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Re: [AZ] Most Nurseries Too Wet for Natives

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  • S. M. Henning
    ... You are entirely correct Mike, but if you were to ship your properly potted container plants to KMart, Lowes, Home Depot, WalMart, etc. they would kill the
    Message 1 of 27 , Jan 4, 2006
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      Mike Creel <mikeacreel@...> wrote:

      >That nursery needs to take a course in proper
      >selection of media for container plants. I design my
      >media and my pots so they need just once-weekly
      >watering, stay somewhat moist but airy in the root
      >zone, drain throughtly and can withstand a cloudburst
      >or sustained rain.

      You are entirely correct Mike, but if you were to ship your properly
      potted container plants to KMart, Lowes, Home Depot, WalMart, etc.
      they would kill the plants. They need plants where they can tell the
      minimum wage help to water them every day since there is not
      consistency in who is working and who is managing. We all know that
      over-watering is more fatal than under-watering, and the azalea-mill
      nurseries need to err on the dry side in their potting mixes. As
      other have stated, these places get good plants if you can get them
      before the store help kill them and can nurse them through the
      traumatic change from bark mix to soil.
      --
      Cheers, Steve Henning in Reading, PA USA Zone 6

      Visit my Rhododendron and Azalea web pages at:
      http://home.earthlink.net/~rhodyman/rhody.html

      Also visit the Rhododendron and Azalea Bookstore at:
      http://home.earthlink.net/~rhodyman/rhodybooks.html
    • Mary & Bill McDavit
      Tadeusz, Yea, I looked at the photo and it looked like nothing we have, until I looked at our overlooked set of Kurume azaleas. And, we do have an old (1989)
      Message 2 of 27 , Jan 4, 2006
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        Tadeusz,
            Yea, I looked at the photo and it looked like nothing we have, until I looked at our overlooked set of Kurume azaleas.  And, we do have an old (1989) photo of the plant in bloom.  Please excuse my ignorance.  I don't know if this settles things much, but I'll send an attachment photo hereto for Mike to decide, one way or the other.  The photo is not top quality, but we may be going off on a tangent, anyway.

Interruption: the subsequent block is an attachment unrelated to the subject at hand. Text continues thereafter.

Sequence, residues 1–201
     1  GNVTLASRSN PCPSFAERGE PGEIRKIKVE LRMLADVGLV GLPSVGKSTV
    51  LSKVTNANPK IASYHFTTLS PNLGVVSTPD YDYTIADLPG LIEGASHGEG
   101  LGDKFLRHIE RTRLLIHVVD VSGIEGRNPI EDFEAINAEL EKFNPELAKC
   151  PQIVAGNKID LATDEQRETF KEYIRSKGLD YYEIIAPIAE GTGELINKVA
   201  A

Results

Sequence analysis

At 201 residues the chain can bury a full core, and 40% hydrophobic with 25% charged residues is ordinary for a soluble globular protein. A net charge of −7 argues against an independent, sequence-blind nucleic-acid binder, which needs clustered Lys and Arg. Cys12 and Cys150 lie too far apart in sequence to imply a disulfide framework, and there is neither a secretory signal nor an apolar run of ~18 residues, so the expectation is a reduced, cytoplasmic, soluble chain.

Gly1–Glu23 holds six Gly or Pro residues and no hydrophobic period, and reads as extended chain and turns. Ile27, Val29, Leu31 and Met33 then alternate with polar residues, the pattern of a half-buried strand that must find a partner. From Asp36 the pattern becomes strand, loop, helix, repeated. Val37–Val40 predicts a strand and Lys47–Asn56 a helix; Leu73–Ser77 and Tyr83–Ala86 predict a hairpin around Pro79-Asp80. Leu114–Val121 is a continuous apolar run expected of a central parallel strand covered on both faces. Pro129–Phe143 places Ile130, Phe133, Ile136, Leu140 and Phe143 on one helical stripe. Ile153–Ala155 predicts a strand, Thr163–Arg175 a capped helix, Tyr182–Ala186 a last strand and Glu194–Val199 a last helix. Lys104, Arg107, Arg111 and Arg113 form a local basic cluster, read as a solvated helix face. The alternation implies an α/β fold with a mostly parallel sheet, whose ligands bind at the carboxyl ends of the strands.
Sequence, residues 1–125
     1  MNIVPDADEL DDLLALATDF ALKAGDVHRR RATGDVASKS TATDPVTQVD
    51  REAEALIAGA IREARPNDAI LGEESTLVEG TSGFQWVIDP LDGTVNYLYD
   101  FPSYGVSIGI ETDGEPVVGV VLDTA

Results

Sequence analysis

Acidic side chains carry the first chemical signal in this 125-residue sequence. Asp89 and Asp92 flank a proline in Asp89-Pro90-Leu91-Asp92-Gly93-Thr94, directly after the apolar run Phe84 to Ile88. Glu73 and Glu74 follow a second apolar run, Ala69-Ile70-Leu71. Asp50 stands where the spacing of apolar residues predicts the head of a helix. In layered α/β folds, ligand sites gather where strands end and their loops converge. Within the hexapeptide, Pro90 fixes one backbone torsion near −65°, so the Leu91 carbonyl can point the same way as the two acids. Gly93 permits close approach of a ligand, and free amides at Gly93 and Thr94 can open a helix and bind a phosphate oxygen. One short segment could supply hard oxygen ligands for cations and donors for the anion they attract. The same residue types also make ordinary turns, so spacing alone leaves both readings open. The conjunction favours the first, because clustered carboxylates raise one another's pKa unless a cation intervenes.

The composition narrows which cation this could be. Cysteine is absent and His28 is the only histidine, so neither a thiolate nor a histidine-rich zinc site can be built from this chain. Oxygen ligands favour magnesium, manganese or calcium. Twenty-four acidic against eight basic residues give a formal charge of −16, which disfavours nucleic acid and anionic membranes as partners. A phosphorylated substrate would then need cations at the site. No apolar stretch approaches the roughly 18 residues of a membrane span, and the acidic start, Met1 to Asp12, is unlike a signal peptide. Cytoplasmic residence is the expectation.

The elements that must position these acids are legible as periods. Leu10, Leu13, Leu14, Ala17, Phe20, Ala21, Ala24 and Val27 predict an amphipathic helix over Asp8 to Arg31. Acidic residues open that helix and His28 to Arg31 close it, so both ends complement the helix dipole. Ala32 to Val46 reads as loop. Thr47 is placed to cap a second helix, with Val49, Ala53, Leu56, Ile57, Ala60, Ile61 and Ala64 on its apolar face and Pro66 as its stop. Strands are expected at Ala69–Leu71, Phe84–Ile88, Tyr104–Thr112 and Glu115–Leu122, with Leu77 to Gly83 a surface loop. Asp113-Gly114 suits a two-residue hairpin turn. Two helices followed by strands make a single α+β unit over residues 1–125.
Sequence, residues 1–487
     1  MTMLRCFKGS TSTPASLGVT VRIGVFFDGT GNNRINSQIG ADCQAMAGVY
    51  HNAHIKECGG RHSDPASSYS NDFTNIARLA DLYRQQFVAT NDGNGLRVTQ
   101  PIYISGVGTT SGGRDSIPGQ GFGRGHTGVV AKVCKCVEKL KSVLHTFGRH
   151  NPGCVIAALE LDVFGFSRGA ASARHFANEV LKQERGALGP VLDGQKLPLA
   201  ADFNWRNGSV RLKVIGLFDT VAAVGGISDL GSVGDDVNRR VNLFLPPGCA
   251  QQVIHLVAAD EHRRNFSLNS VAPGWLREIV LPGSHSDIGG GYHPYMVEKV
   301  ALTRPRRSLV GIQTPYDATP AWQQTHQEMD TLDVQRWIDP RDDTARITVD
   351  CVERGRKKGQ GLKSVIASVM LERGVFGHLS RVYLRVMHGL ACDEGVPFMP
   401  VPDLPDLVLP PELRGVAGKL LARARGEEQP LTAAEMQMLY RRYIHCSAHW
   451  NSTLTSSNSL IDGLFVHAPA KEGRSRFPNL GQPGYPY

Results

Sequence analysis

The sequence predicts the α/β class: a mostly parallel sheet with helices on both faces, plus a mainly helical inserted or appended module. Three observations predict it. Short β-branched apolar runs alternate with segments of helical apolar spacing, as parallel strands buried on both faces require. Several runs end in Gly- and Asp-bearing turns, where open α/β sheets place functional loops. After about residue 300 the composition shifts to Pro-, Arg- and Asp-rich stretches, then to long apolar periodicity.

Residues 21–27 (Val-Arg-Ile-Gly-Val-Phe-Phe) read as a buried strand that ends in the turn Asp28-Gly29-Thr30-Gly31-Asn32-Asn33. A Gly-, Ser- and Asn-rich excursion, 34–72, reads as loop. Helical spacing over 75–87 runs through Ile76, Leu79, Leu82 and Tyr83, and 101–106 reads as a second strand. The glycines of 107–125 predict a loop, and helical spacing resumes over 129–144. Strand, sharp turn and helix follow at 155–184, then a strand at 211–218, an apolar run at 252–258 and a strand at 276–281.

Bill McDavit, Sunset Lakes, NC
         
         
        Subject: Re: [AZ] Mizumi? azalea

        Bill;
         
                   See the thread that I attached below about "your"  Mizu-no-yamabuki.
         
          Tadeusz.
         
         
             Buck,        Galle does list it in his
        revised edition on Page 460.  This plant is a  Domoto Kurume hybrid.  It is a pale yellowish white 1" flower, and is  slightly petaloidy.  We obtained ours from Mr. Peacock in a suburb of  Lawrenceville, GA.  It is a faithful early bloomer.    Bill McDavit - Sunset Lakes, NC - Zone 8A/B      > *Does any one know the background on Mizu No Yamabuki. It doesn't appear  in  > Galle. Its not new . I get the feeling that its been in the Washington  DC  > area for a very long time. For those who aren't familiar with it  a  general  > description would be as follows; tiny funnel shaped blooms  one half to  > three quarters inches wide,creamy white to pale yellow  depending on your  > perception. Leaves dark and shinny kurume  like  one half inch  by  three  > eights inch wide.Plant habit is some what open growing to at about  three  > feet in 15 yrs. Very flouriferous. Produces no seed and minute amounts  > of  pollen.  >  > Buck Clagett     6b     

      • Joe Schild
        Steve, You hit the nail on the head in a lot fewer words than my previous reply to the post. I was mostly piqued at the lumping of all nurseries as Bog Plant
        Message 3 of 27 , Jan 4, 2006
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          Steve,
          You hit the nail on the head in a lot fewer words than my previous reply to the post. I was mostly piqued at the lumping of all nurseries as "Bog Plant" growers. I also rejected the idea of not producing sizable plants for the landscapers. When my retail and mail order sales slumped in off season, it was the large plants sold wholesale to those folks that kept me going.